Those aren't candy or coffee stains. This post is dedicated to the shapely, circular cities of Georgia.
I tried to do some research into why Georgia - and some of South Carolina - have this bizarre pattern, and there is very little out there. Big Think seems to be the only place where someone else thinks this is weird.
There are plenty of reasons why we don't expect administrative boundaries to take on such perfect geometry. Boundaries are usually drawn according to terrain or specific geographic features, or to delineate ethnic and cultural enclaves. Both of these things are rarely so oviform. In fact, there are political scientists who have devoted their work to studying the relationship between administrative boundary geometry and political outcomes. For example, Rutherford, Harmon, and Werfel devised the "Good Fences" theory, postulating that there will be greater political peace among territories separated by significant geographic elements, like rivers and mountains.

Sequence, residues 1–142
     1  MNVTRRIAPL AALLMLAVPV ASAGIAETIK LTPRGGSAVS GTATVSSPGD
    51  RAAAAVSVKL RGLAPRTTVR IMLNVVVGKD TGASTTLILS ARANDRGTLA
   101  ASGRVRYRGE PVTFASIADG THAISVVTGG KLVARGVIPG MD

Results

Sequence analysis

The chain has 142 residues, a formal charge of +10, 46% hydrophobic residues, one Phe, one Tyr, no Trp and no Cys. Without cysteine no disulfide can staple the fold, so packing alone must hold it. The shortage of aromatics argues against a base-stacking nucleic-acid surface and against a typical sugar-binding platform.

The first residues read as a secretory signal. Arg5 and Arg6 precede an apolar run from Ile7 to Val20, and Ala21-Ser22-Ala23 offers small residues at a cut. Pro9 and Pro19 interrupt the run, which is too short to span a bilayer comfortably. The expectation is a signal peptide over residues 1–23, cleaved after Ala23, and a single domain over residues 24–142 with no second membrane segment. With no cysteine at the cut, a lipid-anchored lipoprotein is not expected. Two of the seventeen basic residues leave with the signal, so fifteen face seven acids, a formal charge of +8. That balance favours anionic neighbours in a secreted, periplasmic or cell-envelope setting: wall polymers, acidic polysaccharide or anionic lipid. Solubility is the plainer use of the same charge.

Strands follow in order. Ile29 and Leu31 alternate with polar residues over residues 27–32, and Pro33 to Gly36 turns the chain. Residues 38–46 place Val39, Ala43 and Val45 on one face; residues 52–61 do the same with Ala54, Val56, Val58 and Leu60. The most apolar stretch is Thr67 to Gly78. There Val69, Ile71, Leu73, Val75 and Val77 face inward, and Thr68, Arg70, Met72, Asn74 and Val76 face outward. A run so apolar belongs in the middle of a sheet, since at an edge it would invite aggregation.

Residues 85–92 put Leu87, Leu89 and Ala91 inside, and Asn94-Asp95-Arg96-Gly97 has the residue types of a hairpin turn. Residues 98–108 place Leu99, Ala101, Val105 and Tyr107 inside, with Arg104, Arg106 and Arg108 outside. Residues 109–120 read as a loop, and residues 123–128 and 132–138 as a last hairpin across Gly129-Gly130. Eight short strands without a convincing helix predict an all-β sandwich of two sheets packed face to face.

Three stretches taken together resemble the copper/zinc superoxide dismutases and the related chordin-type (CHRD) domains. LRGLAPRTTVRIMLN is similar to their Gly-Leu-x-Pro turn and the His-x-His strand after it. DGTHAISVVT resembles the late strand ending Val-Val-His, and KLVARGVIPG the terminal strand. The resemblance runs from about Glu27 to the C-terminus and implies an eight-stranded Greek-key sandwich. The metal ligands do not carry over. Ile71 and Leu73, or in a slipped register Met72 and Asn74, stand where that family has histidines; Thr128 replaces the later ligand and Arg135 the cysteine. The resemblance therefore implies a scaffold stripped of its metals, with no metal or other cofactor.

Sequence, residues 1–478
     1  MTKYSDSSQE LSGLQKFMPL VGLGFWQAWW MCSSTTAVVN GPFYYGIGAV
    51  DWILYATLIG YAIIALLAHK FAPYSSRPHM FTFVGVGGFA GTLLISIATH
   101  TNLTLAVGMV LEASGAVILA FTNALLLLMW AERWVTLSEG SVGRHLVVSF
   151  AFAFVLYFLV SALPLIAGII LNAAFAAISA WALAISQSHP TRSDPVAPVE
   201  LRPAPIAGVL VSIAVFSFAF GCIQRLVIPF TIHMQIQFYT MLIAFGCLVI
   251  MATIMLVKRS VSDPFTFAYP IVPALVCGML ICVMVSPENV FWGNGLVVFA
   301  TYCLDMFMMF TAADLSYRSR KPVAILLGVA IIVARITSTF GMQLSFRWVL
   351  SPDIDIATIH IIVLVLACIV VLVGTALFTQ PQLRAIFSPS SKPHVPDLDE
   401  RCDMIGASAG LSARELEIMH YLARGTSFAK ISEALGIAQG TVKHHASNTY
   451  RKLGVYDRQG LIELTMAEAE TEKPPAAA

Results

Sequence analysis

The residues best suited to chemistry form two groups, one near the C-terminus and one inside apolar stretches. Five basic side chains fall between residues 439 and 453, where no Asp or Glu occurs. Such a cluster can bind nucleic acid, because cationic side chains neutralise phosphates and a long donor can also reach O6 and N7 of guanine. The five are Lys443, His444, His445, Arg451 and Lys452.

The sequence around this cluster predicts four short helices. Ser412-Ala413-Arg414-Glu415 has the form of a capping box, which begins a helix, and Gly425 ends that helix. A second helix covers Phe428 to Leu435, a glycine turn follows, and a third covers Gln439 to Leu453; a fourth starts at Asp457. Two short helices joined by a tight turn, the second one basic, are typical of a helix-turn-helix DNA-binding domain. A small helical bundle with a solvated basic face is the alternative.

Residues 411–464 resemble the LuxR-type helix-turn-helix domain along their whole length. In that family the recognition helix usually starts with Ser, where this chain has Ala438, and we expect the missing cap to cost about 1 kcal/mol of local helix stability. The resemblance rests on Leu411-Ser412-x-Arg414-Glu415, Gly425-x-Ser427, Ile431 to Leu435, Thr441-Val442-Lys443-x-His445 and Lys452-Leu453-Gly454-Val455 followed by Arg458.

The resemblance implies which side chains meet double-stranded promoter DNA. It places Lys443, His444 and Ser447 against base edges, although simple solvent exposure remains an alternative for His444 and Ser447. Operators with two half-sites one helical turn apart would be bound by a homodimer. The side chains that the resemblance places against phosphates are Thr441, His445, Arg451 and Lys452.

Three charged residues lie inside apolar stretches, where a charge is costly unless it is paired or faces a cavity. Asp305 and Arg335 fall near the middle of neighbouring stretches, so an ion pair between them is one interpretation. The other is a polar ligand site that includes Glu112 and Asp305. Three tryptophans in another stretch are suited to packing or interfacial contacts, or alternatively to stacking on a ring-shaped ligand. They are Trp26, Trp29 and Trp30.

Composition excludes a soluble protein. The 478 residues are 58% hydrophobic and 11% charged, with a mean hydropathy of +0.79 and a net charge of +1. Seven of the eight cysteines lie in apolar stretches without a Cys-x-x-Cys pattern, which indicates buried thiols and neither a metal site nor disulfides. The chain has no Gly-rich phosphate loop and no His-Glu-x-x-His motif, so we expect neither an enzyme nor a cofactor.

In Georgia, there are plenty of cities with nearly perfectly circular boundaries, see circle cities.1, and there are also city boundaries that apparently began as circles and expanded outward haphazardly, probably to incorporate specific desirable plots of land, and resulting in amazing cubist boundaries. See circle cities.2. In circle cities.1, where I layered the near perfectly circular cities above a common centroid, it's interesting that so many cities have the same diameter, most between 2500-3500 m. I'm picturing some omniscient god planner using the duplicate and move tools in his macro-planning toolkit to plop these cities across the country-side...
A few more images for your enjoyment: circle cities.3 shows just how many of circle towns there are in Georgia (in their true location). Circle cities.4 is the same map, but I was struck by how much these circles cities start to looks like constellations when you play with the colors.